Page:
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Day of Remembrance Information

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You can watch the 2022 San Jose Day of Remembrance on
February 19, 2022 from 3:00 PM to 4:30 PM (Pacific Time)
by clicking on the following link or copying and pasting the link into your browser:


Click here to see the program schedule
Although the official program start time is 3:00 PM (PT), you can watch a special performance of IKKAI by the Kambara+ dance group if you tune in earlier at 2:50 PM.
Kambara+   IKKAI means once. The performance is a transplanted pilgrimage, an immersive dance project that explores the resilience of the Japanese American community. IKKAI demonstrates how we heal from generational trauma and how we find ways to transform the violence enacted upon our forebearers into compassion and strength that can be used to stand alongside others.
DoR 2022 Flyer
Day of Remembrance Program Schedule
DoR schedule page 1
DoR schedule page 2
Watch the program live at 3:00 PM (PT) on February 19, 2022 at this link:


You can also watch the program after that date and time by clicking on the same link.
The 42nd Annual San Jose Day of Remembrance program  will be held virtually on Saturday, February 19 from 3:00 PM - 4:30 PM (Pacific Time). The event falls on the 80th anniversary of the signing of Executive Order 9066 which led to the World War II incarceration of more than 120,000 people of Japanese descent, two-thirds of whom were American citizens.

The theme for this virtual program is Overcoming Hate and Fear: The 80th Anniversary of E.O 9066. Over the past two plus years, many communities have had to deal with multiple challenges including the deadly pandemic; economic, educational,  and personal hardship;  intense political division, and physical and emotional isolation. During these tumultuous times, we also witnessed violent hate crimes and  racist acts, including horrific incidents directed toward AAPI and African-American communities.  In the midst of great tragedy and horror,  we also saw different communities come together in the struggle for racial and social justice.

AAPI rally   Since one of the driving forces behind WW II Japanese American incarceration was attributed to racial prejudice, many Japanese Americans feel compelled to join with other communities in denouncing hate, prejudice, and violence and in continuing the fight for social justice.
Rally in Cupertino, California    
Related to this theme, NOC is honored to have featured Day of Remembrance speaker, Cynthia Choi, a codirector of Chinese for Affirmative Action and cofounder of Stop AAPI Hate.  Often cited by major news organizations, Stop AAPI Hate has had a tremendous impact in raising awareness about the rise of  violence and hate-based incidents directed towards the AAPI community. Not only is Stop AAPI Hate trying to understand the realities of anti-Asian racism, the organization is also a platform for finding community-based solutions.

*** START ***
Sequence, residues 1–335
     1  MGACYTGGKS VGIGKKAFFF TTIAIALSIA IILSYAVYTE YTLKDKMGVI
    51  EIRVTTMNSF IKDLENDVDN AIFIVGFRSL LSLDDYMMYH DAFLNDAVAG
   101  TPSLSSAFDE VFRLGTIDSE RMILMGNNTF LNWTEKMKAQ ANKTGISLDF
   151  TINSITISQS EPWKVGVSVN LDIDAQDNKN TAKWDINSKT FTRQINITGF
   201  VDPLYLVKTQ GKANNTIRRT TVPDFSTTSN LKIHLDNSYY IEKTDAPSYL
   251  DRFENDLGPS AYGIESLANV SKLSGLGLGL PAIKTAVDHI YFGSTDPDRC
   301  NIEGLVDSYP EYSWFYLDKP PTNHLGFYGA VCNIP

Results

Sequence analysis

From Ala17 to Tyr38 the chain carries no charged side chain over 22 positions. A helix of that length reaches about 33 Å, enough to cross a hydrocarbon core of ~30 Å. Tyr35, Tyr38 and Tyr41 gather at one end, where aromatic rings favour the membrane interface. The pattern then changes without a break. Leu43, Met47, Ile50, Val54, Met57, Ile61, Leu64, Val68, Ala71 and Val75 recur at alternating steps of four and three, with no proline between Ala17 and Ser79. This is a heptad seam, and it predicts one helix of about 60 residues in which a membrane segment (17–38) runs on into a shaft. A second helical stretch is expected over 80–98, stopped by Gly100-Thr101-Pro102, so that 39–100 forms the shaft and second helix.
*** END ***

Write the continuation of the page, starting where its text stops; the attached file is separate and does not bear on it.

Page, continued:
Locally, the San Jose Nikkei Resisters (SJNR) is one group that is forming community-based solutions. Over the past year, SJNR  partnered with the Council on American Islamic Relations (CAIR) in presenting bystander intervention training and de-escalation techniques. Kelsey Ichikawa is the chair of the Reimagining Public Safety Subcommittee in SJNR and will talk about their recent work.

The 2022 Day of Remembrance program will also commemorate the 80th anniversary of the signing of Executive Order 9066. As part of  this commemoration,  Eiko Yamaichi, as well as other former incarcerees will give their remembrances of their incarceration.

In 1988, the United States gave an official apology to former incarcerees of the camps with the passage of the Civil Liberties Act of 1988. It is important to note that there were many people who were also incarcerated in the same camps as Japanese Americans but were not offered the same acknowledgement.  Grace Shimizu of the Campaign for Justice Redress Now for Japanese Latin Americans will speak about the continued fight for truth, acknowledgement, and justice.  Read more about the plight of Japanese Latin Americans and the campaign for justice...
2022 Day of Remembrance Film Trailers
  Cynthia Choi, Stop AAPI Hate

In this short Day of Remembrance film trailer, Cynthia Choi, cofounder of Stop AAPI Hate and codirector of Chinese for Affirmative Action, talks about starting Stop AAPI Hate in order to understand the nature of the attacks on the AAPI community and to come up with solutions.
  Alice Hikido, Camp Remembrance

This trailer for the 2022 San Jose Day of Remembrance spotlights Alice Hikido, who was incarcerated in Minikoka, Idaho. Alice recalls a sad episode of a mother who was under tremendous stress in the camp.

Campaign for Justice: Redress NOW for Japanese Latin Americans
Japanese Latin Americans
During WWII, the U.S. government went outside its borders and violated the rights of over 2,200 men, women and children of Japanese ancestry in 13 Latin American countries in the name of “national security.” These “potentially dangerous enemy aliens” were imprisoned in concentration camps in the U.S. for use as hostages in exchange for U.S. citizens held in Far East war zones. On the 80th anniversary of Executive Order 9066, the U.S. government has yet to acknowledge and properly redress these crimes against humanity.

Read more about America's Forgotten Internment: https://www.politico.com/news/magazine/2021/12/05/japanese-latinos-us-war-hostages-history-523711

Sign the petition to demand justice from the Biden Administration: https://www.change.org/p/president-biden-please-comply-with-international-law-justice-now-for-japanese-latin-americans

JTown Community TV See additional Day of Remembrance videos on JTown Community TV and on the  NOC YouTube Channel.  
NOC YouTube    
Women's march  
We The People image created by Shepard Fairey. Amplfier Foundation.